Liquid hydrogen

Liquid hydrogen (H2(l)) is the liquid state of the element hydrogen. Hydrogen is found naturally in the molecular H2 form.[4]

Liquid hydrogen
IUPAC name
Systematic IUPAC name
Liquid hydrogen
Other names
Hydrogen (cryogenic liquid), Refrigerated hydrogen; LH2, para-hydrogen
3D model (JSmol)
RTECS number
  • MW8900000
UN number 1966
  • InChI=1S/H2/h1H checkY
  • InChI=1/H2/h1H
  • [H][H]
Molar mass 2.016 g·mol−1
Appearance Colorless liquid
Density 70.85 g/L (4.423 lb/cu ft)[1]
Melting point −259.14 °C (−434.45 °F; 14.01 K)[2]
Boiling point −252.87 °C (−423.17 °F; 20.28 K)[2]
GHS labelling:[3]
GHS02: FlammableGHS04: Compressed Gas
H220, H280
P210, P377, P381, P403
NFPA 704 (fire diamond)
571 °C (1,060 °F; 844 K)[2]
Explosive limits LEL 4.0%; UEL 74.2% (in air)[2]
Except where otherwise noted, data are given for materials in their standard state (at 25 °C [77 °F], 100 kPa).
checkY verify (what is checkY☒N ?)

To exist as a liquid, H2 must be cooled below its critical point of 33 K. However, for it to be in a fully liquid state at atmospheric pressure, H2 needs to be cooled to 20.28 K (−252.87 °C; −423.17 °F).[5] A common method of obtaining liquid hydrogen involves a compressor resembling a jet engine in both appearance and principle. Liquid hydrogen is typically used as a concentrated form of hydrogen storage. Storing it as liquid takes less space than storing it as a gas at normal temperature and pressure. However, the liquid density is very low compared to other common fuels. Once liquefied, it can be maintained as a liquid in thermally insulated containers.[6]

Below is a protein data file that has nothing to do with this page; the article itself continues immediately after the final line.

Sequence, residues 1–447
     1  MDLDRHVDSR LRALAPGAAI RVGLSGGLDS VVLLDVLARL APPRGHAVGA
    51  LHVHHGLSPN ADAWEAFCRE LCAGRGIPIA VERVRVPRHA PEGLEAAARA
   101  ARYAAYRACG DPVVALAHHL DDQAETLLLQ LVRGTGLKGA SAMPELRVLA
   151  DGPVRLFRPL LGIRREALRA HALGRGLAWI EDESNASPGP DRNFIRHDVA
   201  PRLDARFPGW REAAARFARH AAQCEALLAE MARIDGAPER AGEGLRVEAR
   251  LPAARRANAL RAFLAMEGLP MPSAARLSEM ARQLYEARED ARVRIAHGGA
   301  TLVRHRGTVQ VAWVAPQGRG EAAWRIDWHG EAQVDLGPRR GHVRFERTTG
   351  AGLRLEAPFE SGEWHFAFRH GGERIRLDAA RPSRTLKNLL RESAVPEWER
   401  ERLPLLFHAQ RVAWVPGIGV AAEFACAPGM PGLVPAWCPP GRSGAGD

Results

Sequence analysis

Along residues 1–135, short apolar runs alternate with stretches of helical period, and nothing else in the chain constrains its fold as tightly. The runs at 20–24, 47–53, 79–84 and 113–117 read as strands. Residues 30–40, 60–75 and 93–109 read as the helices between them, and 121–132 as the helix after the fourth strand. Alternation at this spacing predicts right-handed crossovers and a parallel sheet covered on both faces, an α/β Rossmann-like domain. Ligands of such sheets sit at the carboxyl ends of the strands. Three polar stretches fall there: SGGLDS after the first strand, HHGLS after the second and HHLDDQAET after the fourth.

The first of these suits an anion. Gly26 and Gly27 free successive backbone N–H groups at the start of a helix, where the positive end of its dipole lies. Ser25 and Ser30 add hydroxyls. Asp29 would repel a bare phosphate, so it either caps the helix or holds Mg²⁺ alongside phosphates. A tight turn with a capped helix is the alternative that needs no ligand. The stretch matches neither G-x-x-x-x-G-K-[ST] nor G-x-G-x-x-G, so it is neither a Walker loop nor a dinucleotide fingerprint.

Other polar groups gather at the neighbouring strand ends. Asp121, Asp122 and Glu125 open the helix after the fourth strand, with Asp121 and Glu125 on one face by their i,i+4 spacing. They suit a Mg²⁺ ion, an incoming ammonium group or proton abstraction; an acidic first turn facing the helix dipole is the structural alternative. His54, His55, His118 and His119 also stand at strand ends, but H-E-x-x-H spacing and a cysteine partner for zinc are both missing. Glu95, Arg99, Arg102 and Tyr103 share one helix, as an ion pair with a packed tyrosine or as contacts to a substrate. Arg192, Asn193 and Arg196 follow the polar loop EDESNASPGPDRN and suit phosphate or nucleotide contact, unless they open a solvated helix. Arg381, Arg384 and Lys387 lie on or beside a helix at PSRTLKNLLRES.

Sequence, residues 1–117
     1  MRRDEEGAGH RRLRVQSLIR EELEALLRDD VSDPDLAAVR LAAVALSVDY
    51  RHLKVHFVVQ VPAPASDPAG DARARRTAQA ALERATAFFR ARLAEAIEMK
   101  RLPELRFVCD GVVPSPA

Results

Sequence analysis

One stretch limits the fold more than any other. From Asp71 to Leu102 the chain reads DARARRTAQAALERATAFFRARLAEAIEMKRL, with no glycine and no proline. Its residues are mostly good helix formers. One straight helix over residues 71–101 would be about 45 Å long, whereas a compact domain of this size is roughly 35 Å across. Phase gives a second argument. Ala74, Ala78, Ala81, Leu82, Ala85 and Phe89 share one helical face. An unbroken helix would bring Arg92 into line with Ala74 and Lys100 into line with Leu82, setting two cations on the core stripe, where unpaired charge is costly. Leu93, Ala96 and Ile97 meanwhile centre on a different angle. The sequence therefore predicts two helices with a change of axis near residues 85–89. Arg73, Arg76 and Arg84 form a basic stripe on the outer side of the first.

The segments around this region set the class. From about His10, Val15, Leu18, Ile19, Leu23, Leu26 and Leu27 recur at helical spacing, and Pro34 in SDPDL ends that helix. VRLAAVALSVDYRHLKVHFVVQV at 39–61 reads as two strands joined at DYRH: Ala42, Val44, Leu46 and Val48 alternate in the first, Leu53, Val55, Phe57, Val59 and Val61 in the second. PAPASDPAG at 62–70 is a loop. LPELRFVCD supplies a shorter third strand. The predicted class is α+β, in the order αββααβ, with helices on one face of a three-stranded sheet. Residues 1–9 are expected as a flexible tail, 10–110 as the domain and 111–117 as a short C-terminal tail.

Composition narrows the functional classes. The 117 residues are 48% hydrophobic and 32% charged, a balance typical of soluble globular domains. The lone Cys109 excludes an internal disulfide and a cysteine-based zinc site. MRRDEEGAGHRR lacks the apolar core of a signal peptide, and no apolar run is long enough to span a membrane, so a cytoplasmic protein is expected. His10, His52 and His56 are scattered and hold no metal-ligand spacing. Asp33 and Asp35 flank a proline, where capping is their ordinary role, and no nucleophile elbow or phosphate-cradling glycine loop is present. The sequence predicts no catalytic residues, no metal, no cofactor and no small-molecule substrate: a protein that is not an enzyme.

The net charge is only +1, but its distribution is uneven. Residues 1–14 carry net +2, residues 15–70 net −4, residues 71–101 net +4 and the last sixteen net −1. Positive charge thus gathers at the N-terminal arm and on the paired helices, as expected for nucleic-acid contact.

There are two spin isomers of hydrogen; liquid hydrogen consists of 99.79% parahydrogen and 0.21% orthohydrogen.[5]

Share this article:

This article uses material from the Wikipedia article Liquid hydrogen, and is written by contributors. Text is available under a CC BY-SA 4.0 International License; additional terms may apply. Images, videos and audio are available under their respective licenses.